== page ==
Songsmith's marketing and release was left wholly up to its creators, with Microsoft product development and marketing inexplicably washing their hands of it. Once it was out in the wild, it was ripped to shreds by merciless YouTube video-makers showing exactly how badly the software worked with well-known songs, like Queen's "We Will Rock You":
Also enjoy some Van Halen:
Windows 7 Was My Weird Ass Idea
This campaign started out with some ads that, while I would not use the word "good," at least made sense. Actors pretending to be regular users would talk about some feature they'd like in an operating system; there would be a story about how Microsoft put in that feature for them; and the actor would say, "I'm a PC, and Windows 7 was my idea."
You, the viewer, would learn that Windows 7 had that feature, and Microsoft was claiming this is something ordinary joes like you probably want.
"I'm a PC, and Windows 7 zzzzZZZZZZzzzzz..."
Boring, but it made sense.
Both of those qualities were unacceptable to Microsoft, however, and they decided to spice up the ads and disembowel them of their logic.
Windows 7 can be used, for example, to take over the TV from a FPS zombie-killing game your friends are enjoying:
So you can force them to watch a streamed Jacques Cousteau parody video about how zombies are misunderstood.
Because a guy who interrupts your game of Left 4 Dead to make you watch a cutesy concept video is the kind of guy everyone loves and will take product advice from.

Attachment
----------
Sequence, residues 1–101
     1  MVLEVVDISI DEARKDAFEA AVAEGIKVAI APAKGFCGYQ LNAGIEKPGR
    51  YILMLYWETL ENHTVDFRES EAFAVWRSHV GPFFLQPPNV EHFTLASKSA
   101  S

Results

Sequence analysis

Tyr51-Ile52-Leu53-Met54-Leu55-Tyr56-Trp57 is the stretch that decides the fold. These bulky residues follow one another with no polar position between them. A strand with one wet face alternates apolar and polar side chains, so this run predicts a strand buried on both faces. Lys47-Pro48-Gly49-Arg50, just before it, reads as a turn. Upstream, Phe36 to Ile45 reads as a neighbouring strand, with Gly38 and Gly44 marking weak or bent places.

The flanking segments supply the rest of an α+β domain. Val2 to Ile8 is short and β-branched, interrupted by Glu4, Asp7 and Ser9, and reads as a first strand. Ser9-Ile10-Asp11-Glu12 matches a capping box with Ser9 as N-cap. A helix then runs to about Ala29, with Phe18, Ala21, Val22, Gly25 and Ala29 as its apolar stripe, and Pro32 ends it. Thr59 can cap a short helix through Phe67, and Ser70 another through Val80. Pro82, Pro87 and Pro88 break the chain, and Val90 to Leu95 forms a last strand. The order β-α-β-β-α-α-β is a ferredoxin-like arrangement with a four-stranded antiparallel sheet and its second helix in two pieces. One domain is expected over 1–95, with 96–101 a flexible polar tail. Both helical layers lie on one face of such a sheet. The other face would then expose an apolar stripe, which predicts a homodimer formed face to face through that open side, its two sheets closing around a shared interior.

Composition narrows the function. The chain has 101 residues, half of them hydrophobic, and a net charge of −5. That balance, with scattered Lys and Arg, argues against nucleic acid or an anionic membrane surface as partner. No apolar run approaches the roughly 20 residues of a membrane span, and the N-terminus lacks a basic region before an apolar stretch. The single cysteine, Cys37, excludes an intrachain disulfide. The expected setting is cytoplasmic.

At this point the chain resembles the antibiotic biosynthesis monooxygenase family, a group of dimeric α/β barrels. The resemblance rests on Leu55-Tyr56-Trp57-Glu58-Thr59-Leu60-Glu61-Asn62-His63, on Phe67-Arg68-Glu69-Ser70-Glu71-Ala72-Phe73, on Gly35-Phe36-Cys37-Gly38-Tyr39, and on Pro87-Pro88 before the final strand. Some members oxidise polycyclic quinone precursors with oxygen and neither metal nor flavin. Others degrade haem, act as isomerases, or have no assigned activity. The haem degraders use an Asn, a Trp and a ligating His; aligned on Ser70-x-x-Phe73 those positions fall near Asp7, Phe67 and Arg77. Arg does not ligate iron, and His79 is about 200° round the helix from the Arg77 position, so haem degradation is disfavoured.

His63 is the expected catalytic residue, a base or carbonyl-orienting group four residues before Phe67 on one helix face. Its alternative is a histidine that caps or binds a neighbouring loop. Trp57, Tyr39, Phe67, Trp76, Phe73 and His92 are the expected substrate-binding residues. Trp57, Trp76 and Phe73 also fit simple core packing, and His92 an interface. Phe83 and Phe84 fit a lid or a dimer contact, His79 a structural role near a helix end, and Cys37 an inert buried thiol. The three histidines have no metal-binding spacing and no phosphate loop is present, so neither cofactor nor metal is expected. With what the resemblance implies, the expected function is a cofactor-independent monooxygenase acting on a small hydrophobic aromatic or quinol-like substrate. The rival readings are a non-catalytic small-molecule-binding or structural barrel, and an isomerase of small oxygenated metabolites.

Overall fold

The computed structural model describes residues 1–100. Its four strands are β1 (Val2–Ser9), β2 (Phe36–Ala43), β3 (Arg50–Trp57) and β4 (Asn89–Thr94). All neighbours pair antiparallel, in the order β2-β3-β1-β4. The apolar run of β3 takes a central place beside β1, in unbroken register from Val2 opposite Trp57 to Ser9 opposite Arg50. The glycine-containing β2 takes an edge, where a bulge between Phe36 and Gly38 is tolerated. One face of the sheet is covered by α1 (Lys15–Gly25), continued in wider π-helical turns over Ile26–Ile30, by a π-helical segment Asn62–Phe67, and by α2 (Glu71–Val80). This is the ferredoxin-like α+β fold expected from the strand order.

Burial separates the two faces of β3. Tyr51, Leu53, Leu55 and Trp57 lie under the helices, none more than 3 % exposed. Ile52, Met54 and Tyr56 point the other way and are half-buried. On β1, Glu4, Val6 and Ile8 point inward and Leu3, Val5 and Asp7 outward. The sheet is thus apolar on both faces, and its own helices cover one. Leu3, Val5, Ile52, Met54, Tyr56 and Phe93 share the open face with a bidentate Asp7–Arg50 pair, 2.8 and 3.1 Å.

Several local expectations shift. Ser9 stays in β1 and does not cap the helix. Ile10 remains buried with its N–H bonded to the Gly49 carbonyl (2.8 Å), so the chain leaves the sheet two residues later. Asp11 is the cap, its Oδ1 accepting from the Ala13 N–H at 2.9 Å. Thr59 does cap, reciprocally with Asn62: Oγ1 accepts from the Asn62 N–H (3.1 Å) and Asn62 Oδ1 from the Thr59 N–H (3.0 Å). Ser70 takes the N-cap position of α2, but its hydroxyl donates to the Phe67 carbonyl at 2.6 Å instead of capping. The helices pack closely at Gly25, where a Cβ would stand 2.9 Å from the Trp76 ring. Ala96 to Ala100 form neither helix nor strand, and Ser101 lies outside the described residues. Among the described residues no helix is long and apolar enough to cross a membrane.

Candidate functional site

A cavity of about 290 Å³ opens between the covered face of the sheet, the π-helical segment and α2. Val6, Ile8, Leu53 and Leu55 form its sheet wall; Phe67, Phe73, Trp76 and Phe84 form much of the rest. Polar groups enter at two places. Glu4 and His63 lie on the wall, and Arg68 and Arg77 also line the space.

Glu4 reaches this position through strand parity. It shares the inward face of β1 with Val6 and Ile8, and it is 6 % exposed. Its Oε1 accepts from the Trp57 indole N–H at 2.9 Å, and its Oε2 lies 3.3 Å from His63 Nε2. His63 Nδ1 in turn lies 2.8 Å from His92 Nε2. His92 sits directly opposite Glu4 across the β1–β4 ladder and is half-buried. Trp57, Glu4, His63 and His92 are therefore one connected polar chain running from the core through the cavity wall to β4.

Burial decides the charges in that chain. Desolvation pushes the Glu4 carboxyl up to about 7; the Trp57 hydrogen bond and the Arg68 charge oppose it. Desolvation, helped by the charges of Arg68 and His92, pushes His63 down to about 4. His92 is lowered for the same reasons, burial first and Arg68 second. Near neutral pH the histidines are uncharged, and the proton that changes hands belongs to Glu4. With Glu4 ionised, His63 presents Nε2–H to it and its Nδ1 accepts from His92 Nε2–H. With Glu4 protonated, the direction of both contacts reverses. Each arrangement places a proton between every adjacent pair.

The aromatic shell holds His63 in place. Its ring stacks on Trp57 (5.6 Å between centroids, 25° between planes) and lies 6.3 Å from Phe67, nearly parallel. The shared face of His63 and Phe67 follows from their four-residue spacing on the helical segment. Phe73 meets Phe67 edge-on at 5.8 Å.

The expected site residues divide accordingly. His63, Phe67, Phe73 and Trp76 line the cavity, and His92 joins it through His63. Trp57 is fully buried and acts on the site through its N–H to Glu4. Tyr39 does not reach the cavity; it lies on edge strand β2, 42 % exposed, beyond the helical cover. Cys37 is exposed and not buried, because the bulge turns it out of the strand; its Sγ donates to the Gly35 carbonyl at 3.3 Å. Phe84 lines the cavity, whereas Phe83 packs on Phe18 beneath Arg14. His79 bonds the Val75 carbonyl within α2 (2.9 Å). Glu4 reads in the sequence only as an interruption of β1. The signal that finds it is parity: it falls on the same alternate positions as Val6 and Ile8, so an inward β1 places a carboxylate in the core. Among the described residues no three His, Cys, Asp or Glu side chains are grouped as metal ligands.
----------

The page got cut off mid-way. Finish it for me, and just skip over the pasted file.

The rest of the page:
"Kids like sharks. Kids like zombies. Let's just put them randomly together in an ad!"
At least the main character, the stand-in for the viewer, is "zany" and "unconventional," and some people like to think of themselves that way. But nobody likes to think of themselves as a sexless loser, which is what this ad calls you:
The average joe Windows 7 user representing you and your needs in this commercial is a guy who is exiled to his dorm's hallway for the entire night because his roommate is getting it on. Maybe he really doesn't care, you think. Hell, maybe he's gay. I don't think so, considering this is his fantasy:
Which really makes it even sadder. Why not just go all the way, Microsoft, and show his roommate walking out, buff and muscular, with a scantily clad woman on each arm carrying his Apple products for him?
The Microsoft Kin Causes Bad Experiences
There has been a lot of stupid controversy over some Microsoft Kin ads, like an ad where people claimed a boy was taking an upshirt photo of a teen girl and started screaming "SEXTING!" which always gets the media excited (and aroused).
Then there was the series where Microsoft sponsored a teen named Rosa to travel across the country visiting members of her "social network" she keeps in touch with on her Kin phone, causing people to wonder if it was safe and a good idea. If they didn't wonder that, Microsoft actually prompted them to by constantly raising doubts in the narration, asking questions like, "But are they really her friends?"
"Should you REALLY be using our phone?"
But fine, those are goofs, and this is Microsoft, and what can you expect. But then Microsoft made some actual scripted videos where you think they'd have full control over the narrative and could avoid accidental flashing and meet-ups gone wrong.
They took that opportunity to make an ad where a girl uses her Kin to meet up with her sexy young surfer friend...